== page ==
Canadians are only allowed to make RRSP Contribution up to the RRSP contribution limit. RRSP contribution limit is calculated as a percentage based on earned income. Salary is earned income but dividend isn’t. If you want to save money in your RRSP account, paying yourself via dividend won’t work.
Salary creates a bigger RRSP contribution limit. Dividend doesn’t. You can still contribute based on the unused RRSP contribution limit carryforward from prior years. But once that contribution limit is used up and you are not creating extra contribution room with dividend, you will no longer be able to contribute to your RRSP.
If you have childcare expenses, you can deduct the childcare expenses against salary, but not dividend.
Dividend income is not part of the definition of earned income but salary is. In another word, if you make $100,000 dividend income, you’re the lower income spouse and you also incur $8,000 of childcare expenses, you will NOT be able to deduct the $8,000 expense in your personal tax return.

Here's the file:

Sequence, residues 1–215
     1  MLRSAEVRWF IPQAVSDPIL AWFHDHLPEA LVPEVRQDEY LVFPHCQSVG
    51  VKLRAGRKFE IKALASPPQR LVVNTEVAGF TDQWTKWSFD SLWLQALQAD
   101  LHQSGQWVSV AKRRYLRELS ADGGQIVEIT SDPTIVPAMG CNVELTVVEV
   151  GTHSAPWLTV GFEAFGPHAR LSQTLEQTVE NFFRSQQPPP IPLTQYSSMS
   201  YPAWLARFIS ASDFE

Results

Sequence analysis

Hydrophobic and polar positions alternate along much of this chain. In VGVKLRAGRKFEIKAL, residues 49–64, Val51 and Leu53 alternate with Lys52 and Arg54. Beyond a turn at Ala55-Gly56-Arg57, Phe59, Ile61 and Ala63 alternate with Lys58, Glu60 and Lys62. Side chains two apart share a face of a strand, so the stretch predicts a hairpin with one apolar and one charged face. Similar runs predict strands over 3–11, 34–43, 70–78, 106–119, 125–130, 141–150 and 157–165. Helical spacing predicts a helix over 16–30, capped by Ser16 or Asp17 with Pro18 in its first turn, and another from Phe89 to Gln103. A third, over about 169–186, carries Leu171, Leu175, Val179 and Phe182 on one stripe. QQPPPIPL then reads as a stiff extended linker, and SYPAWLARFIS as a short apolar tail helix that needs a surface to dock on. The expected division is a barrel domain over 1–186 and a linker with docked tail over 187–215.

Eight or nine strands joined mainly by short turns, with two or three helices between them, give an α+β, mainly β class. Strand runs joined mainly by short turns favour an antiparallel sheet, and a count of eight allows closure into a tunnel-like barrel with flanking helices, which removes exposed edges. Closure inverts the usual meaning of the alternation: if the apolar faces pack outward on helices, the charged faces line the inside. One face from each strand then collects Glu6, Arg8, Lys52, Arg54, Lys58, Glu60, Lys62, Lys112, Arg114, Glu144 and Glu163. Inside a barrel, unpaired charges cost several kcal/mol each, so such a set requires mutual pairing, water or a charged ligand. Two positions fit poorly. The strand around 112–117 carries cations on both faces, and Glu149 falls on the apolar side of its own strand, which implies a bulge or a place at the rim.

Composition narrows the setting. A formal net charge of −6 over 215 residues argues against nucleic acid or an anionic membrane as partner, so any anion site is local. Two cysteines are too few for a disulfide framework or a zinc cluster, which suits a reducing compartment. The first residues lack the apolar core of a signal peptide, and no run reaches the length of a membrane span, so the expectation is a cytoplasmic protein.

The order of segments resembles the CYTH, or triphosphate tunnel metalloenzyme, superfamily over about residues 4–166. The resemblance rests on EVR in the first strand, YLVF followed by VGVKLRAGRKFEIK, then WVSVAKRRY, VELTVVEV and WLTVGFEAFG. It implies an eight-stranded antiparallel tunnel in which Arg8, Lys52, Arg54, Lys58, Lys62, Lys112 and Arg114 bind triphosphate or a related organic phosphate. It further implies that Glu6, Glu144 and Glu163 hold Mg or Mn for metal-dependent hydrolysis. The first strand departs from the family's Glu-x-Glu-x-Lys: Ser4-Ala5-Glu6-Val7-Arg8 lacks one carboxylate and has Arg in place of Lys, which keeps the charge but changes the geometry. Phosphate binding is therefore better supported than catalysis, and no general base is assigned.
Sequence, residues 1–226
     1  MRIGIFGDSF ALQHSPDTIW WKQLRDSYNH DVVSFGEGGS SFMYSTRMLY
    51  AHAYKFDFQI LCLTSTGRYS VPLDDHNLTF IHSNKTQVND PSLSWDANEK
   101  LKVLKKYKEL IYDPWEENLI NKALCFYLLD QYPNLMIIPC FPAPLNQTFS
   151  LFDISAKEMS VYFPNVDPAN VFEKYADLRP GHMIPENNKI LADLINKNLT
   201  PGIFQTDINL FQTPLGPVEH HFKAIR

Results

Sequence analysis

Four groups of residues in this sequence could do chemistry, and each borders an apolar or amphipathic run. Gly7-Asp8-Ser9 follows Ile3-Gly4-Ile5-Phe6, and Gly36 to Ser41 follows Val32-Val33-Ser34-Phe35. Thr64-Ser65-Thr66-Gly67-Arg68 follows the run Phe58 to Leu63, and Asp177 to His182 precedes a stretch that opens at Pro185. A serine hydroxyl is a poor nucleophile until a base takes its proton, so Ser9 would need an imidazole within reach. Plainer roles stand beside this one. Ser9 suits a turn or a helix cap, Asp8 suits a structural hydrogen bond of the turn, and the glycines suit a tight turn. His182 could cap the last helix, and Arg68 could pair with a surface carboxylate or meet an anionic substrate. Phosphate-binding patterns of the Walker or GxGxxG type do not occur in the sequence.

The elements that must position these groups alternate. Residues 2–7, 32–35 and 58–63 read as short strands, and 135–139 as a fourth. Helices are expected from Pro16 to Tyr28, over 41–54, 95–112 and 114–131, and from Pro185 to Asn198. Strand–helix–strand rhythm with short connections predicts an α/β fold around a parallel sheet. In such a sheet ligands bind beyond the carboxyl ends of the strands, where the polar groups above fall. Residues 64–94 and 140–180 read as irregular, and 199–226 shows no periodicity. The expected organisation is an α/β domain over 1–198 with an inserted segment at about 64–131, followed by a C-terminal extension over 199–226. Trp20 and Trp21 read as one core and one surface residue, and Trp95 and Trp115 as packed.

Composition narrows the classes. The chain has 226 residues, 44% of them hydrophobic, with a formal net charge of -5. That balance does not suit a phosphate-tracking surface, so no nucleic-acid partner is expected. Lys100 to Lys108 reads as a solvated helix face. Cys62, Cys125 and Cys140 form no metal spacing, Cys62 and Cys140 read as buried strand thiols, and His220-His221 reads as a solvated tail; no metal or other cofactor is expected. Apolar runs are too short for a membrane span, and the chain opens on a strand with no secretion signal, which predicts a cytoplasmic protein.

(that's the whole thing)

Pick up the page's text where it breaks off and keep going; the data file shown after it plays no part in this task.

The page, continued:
Have a proper consultation with a professional accountant that understands your tax picture.
- You are entitled to an additional employment amount (as a personal tax credit) if you are paid a salary
When you earn a salary, you get another $1,257 employment amount as non-refundable personal tax credit in 2021.
Calculated on the base personal tax rate, this is equivalent to $1,245 x 15% = $189 (in 2021) non-refundable tax credit.
Unfortunately, this isn’t available when you earn dividend income. Self-employed individuals are not eligible to claim this amount unfortunately.
Now, it is not a simple black or white kind of answer, is it?
If I were you, I’d speak to a professional accountant that knows my personal situation before deciding. And, I wouldn’t forget to consider all of the above when making my decisionQ
Feel free to reach out here and book a consultation. We’ll be happy to help you decide if you should go ahead with paying yourself a salary or dividend from your PREC.
Until next time,
Cherry Chan, CPA, CA
Your Real Estate Agent Accountant